Knowing When to Borrow – and Whyadmin
Borrowing has a bigger impact on your wealth than almost any other decision you make. So what’s a good reason to borrow? To buy a house, sure, but not much else.
The decisions about when and why to borrow have a bigger impact on your overall wealth than almost any other decision you make. Yet few of us think about it in those grand terms. Instead, we think of solving an immediate problem or fulfilling an immediate need — or desire.
Thinking in this piecemeal way about your finances can be devastating to your wealth. It’s like shooting yourself in the foot before you run a race. By borrowing money and paying interest, you’re decreasing your overall wealth to accomplish a goal or acquire an asset. If what you acquire is a wasting asset — something that declines in value — you put yourself further behind in the game of realizing long-term goals.
Economics is based on a theory called the utility theory, which assumes that each person’s goal is to maximize his wealth. To do that, the rational person examines each financial decision to see how it will impact his wealth over the long term and then makes the choice that will increase his wealth.
Of course, that’s the way it should be. But it’s a long shot from the way it is. “Every one of these assumptions is wrong,” says Daniel Kahneman, a psychology professor at Princeton University and a leading figure in a new discipline called behavioral finance. “People take a short-term view and they compartmentalize things rather than looking at them in a grand way.”
Behaviorists like Kahneman argue that we think in terms of mental accounts. For example, we mentally put our 401(k) plan into one account and consider whether that account is ahead or behind for the year. Our home is another account. Emergencies, and loans, are another matter altogether.
Borrowing Should be Saved for Rare Occasions
Of course, there are times when you must borrow. But they are probably fewer than you think. You should never borrow for a wasting asset. That includes clothes, furnishings, entertainment, vacations and dinners out.
“If you pay only the minimum balance on your cards, you could be paying for that dinner 30 years after you digested it,” says Marc Eisenson, author of the best-seller, “The Banker’s Secret,” and a staunch opponent of any kind of debt.
Most credit cards require a minimum payment of 2% to 3% of the balance, Eisenson says. That means you’re required to pay only $100 to $150 a month on a balance of $5,000. “Most people assume you are better off with the one that requires $100,” Eisenson says. “But with that one, you are paying so little in principal that you could be paying for 30 years and end up sending in $10,000 to $15,000 in interest for the $5,000 you borrowed.”
Likewise, a $100 dinner could cost you $300 by the time you’ve paid it off. But the after-tax cost is much higher. “People forget they have to earn a lot more because they have to pay taxes,” Eisenson says. “So you really have to earn $450 to have $300 left over for that meal. That’s why so many people are caught living paycheck to paycheck.”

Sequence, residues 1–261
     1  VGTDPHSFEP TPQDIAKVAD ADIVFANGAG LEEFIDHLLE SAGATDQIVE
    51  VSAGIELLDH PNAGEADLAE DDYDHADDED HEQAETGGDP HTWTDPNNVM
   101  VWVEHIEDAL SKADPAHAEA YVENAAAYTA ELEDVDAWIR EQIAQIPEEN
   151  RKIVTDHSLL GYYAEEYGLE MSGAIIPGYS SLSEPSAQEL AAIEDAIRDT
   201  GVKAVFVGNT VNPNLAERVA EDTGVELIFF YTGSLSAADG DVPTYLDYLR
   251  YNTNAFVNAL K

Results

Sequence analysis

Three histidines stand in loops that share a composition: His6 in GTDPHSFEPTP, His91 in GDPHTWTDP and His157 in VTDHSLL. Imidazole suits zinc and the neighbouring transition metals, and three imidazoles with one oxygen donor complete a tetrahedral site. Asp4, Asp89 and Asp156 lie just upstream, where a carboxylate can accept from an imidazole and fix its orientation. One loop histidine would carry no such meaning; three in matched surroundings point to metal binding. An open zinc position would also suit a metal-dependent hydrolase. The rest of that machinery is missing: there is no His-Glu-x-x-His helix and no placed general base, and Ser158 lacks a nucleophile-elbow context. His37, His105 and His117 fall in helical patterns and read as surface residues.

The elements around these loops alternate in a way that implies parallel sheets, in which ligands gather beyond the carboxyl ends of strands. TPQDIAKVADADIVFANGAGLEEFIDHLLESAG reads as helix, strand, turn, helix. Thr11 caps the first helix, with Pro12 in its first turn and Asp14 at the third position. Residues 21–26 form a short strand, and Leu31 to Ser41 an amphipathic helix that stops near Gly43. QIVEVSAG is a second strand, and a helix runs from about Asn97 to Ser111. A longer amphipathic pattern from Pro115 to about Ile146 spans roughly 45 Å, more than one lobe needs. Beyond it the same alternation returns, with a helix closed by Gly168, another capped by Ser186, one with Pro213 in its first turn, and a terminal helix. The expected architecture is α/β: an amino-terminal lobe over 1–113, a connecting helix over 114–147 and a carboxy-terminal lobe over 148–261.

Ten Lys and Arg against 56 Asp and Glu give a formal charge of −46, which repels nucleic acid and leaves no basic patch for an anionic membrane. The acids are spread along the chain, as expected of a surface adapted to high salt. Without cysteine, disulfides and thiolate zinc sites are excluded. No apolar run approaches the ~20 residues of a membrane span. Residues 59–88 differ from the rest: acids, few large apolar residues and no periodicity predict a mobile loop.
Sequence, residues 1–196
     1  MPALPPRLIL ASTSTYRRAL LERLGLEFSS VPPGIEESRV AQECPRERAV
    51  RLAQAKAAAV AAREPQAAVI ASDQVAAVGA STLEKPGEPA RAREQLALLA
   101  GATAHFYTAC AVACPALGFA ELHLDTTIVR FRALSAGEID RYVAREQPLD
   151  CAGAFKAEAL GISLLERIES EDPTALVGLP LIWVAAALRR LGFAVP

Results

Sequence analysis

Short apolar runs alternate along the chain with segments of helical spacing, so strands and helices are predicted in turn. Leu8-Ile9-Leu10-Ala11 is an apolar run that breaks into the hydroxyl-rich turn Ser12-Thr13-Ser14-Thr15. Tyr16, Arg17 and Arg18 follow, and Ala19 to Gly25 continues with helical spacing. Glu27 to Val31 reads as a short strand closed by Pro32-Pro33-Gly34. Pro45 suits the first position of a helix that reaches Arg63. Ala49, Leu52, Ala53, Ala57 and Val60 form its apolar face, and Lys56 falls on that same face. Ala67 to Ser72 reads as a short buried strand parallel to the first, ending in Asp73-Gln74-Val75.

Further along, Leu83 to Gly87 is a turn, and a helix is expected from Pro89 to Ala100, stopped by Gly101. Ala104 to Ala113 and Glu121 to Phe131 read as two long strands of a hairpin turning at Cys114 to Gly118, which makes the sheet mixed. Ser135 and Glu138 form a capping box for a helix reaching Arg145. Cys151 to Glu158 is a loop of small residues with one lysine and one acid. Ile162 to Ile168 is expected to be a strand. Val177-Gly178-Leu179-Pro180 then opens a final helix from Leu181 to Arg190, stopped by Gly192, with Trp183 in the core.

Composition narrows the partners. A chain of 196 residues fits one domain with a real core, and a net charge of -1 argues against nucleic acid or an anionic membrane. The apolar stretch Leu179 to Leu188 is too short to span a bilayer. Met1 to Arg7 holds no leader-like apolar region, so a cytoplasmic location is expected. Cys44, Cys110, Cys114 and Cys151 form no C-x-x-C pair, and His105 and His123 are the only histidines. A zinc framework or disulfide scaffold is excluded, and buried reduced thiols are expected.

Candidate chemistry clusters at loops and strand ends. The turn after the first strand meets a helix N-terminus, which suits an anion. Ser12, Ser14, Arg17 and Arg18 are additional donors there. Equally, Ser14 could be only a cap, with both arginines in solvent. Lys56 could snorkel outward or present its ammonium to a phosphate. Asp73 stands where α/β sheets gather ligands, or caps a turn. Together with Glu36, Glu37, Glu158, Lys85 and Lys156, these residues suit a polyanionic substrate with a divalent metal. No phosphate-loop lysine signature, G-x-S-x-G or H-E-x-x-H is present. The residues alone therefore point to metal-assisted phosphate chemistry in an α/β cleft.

What is a Good Reason to Borrow Then? Perhaps the best reason is to buy a home. A home mortgage is one of the few loans that still provides a tax deduction for interest. That makes the real cost of a home mortgage less than that for other debt.
All interest you pay on a home of up to $1 million in value is tax-deductible. So if you’re in the 30% marginal tax bracket, the government pays 30% of your interest. That means if you pay $15,000 a year in mortgage interest, the real cost to you is just $10,500.
Looking at it another way, if you pay 8% on your loan, the after-tax cost is 70% of that, or a 5.6% interest rate. You might also build in an inflation factor. Inflation is a great boon to debtors because they acquire an asset in today’s dollars and pay it off in tomorrow’s.
Even with the low inflation we have today, you could reduce your real interest rate for a home loan. If inflation is 2%, perhaps we could say your real cost of borrowing for your home is 5.6% minus 2 percentage points or 3.6%. Taking inflation directly off the interest rate is hardly a mathematically rigorous method of measuring your cost. Ideally, you would look at cash flows and so forth. But it gives you an idea of what it costs you to borrow.
Owning your own home provides psychological as well as financial benefits. That’s why many financial planners urge clients to “go for it” when they find a home they love.
The ideal consumer, according to some experts, would take out a loan only for a home — and perhaps a second home — to capture the tax break. Everything else would come from his emergency fund or from short-term or long-term savings.
So our model consumer sets short-term and long-term goals, sets aside money to realize them and, in fact, operates under the utility theory that many economists have abandoned to increase his overall wealth. If you fall short of the model, aim for it.